There is a part of me that believes I might give this book the benefit of the doubt... a two and a half seems fair, or at least some scratch above theThere is a part of me that believes I might give this book the benefit of the doubt... a two and a half seems fair, or at least some scratch above the two-star mark. I've always felt a rating system that doesn't allow for halves, or at least go to ten, to give a wider gradation, is a bit unfair. Every book is potentially vastly different from the next, and how I feel about two books of similar quality is going to be equally different. Factoring in questions of avant-garde, difficult-yet-important, books-you-are-meh-about-but-see-the-greater-worth-of, and books-you-loved-but-are-hesitant-to-praise-because-you-accept-and-noticed-their-flaws, some wider grading system is necessary.
But before I Calvino all over this review, let us discuss Lemon, which is not strictly good or bad. There are moments where the prose drifts into something sublime, bits where the tensions twist into something one can feel from across the page, decided humor in the absurdity. But at the end of the book, it is a story about a lemon fetish.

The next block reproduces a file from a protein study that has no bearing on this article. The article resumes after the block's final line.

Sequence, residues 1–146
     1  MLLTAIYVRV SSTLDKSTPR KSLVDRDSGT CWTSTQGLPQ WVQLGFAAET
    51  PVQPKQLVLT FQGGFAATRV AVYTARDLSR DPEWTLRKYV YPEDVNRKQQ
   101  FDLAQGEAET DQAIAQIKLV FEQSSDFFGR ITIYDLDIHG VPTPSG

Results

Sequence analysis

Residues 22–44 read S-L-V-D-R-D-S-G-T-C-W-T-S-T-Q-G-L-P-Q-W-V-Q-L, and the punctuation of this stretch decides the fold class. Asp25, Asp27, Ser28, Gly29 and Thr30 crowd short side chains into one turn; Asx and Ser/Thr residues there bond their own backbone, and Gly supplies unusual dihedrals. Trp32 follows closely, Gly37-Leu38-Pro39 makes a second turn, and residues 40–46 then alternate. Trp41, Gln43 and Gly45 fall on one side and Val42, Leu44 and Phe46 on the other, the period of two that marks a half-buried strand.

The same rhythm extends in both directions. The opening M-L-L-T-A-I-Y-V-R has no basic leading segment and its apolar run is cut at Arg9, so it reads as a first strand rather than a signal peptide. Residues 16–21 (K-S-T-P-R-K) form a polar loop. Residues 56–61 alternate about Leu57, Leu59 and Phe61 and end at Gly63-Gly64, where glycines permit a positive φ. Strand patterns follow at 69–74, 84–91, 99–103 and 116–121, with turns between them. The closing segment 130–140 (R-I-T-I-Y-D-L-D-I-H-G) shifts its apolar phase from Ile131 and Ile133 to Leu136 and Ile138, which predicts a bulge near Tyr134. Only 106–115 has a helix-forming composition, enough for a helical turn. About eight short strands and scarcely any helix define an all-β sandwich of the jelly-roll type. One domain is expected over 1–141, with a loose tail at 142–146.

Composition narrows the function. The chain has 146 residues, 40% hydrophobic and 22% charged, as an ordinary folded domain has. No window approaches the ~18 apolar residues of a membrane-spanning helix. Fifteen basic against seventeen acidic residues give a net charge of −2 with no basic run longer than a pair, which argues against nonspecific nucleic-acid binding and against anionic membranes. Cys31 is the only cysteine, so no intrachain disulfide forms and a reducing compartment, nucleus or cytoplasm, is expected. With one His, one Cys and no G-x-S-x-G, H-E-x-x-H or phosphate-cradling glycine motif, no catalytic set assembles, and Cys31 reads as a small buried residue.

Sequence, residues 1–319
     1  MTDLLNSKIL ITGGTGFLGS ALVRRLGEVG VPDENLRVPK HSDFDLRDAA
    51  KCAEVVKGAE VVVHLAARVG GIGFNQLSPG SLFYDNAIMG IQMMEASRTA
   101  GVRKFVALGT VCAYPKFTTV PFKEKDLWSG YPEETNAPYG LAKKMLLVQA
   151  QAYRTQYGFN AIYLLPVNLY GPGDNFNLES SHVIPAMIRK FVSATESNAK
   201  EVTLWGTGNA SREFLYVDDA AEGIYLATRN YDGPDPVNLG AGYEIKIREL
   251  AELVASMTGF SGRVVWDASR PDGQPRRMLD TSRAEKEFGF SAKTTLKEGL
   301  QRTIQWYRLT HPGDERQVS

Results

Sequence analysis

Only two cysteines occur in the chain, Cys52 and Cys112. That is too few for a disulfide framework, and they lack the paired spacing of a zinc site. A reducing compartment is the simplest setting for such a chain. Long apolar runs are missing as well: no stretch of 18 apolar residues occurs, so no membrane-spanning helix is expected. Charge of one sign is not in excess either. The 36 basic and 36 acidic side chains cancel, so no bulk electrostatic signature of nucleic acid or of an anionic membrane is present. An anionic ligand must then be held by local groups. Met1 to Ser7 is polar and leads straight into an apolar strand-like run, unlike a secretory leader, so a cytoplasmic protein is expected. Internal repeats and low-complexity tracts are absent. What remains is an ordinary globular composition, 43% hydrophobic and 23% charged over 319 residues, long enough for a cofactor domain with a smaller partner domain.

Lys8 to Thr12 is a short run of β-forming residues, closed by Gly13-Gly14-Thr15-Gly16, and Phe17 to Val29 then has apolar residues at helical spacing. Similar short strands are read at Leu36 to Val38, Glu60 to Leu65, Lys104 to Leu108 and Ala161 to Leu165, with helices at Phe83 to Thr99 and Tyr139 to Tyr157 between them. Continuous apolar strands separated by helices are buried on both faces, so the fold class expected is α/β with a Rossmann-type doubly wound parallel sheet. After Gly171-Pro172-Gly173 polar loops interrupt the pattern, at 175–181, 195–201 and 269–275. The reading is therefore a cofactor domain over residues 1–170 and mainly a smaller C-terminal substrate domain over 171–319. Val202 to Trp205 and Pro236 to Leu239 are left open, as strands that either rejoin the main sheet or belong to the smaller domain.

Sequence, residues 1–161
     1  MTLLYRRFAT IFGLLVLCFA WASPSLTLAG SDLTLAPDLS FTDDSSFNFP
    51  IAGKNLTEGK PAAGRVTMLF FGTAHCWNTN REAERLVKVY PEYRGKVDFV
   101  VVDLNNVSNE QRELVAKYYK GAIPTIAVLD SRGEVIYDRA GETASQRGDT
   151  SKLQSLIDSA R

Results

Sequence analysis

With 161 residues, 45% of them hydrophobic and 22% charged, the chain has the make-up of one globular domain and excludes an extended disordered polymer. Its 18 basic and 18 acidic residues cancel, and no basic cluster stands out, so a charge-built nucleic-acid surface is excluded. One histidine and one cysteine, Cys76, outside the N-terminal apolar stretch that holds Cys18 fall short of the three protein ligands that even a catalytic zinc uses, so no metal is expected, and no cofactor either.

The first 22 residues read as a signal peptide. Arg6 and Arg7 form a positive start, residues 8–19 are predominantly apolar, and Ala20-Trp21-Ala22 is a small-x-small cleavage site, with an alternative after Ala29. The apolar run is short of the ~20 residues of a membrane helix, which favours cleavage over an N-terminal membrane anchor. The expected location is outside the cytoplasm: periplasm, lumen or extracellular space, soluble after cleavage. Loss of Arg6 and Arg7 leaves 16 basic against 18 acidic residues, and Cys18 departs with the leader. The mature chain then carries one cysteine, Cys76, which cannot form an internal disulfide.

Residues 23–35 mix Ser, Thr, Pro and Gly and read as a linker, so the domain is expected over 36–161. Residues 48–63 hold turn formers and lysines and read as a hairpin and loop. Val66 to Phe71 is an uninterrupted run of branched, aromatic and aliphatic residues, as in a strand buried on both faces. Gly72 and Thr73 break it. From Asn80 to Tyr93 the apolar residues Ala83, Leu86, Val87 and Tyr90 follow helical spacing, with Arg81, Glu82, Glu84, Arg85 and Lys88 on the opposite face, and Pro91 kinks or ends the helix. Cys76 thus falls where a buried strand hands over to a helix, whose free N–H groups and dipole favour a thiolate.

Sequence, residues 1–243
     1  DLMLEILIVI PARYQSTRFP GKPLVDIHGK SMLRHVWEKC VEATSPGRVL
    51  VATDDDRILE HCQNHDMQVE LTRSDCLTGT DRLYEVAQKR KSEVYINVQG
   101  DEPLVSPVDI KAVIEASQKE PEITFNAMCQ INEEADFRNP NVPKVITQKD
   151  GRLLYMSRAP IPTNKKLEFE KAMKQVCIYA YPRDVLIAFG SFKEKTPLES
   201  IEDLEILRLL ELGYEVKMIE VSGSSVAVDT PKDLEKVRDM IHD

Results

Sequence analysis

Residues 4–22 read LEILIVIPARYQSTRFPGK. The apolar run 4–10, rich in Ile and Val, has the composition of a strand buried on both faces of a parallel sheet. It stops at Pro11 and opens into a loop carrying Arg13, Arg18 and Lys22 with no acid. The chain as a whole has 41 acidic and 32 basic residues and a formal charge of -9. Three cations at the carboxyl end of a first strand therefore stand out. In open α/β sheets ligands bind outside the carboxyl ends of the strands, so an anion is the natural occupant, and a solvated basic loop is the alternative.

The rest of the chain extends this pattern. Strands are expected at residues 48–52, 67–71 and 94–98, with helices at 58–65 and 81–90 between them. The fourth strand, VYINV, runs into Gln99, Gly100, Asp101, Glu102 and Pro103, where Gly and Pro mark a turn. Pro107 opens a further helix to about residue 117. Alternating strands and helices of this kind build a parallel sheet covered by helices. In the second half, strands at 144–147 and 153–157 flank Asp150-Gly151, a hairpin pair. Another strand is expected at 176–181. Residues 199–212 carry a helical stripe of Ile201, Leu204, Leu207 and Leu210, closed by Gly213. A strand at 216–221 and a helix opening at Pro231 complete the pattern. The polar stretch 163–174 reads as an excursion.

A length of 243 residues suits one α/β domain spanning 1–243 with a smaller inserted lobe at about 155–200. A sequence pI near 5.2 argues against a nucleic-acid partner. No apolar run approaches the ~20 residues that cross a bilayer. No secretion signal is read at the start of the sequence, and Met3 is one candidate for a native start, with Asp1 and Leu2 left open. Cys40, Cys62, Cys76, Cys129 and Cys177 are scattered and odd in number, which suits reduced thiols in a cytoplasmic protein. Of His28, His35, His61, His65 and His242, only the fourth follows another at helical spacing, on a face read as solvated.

If this sounds weird to you, you are human.
Now, far be it from me to condone the faulty logic that a fetish is beyond deviant, a proclivity that can only be spawned from a mind warped past recognition. We as a society have fostered that chestnut for far too long. But there are still some things which, quite rationally, should still sound odd, and I should hope that human/vegetation love/eroticism will remain one of them for at least a bit longer. The point being, the book does itself incredibly few favors when it comes to relatability.
That is, quite literally, what the book becomes by section II. Navel gazing over the subject of a lemon. Metaphysical rambling about the fruit. Waxing poetic, like the most frivolous Petrarchan blazon, the lemon standing in for Beatrice or Julia or Dulcinea or whoever. We see strained human relationships. We see irresponsible, crazy behavior. We are never told to find the relationship normal, yet asked to accept it as serious. That tends to be a lot to ask, even if some of the best scenes are when Wendell is torn between the rational world and his deep-seated love affair with the citrus. When the book ends with very little story having happened, we are left solely with heavy theoretical reflection on the nature of lemon, lemon as symbol for all. It's not a device which stands up.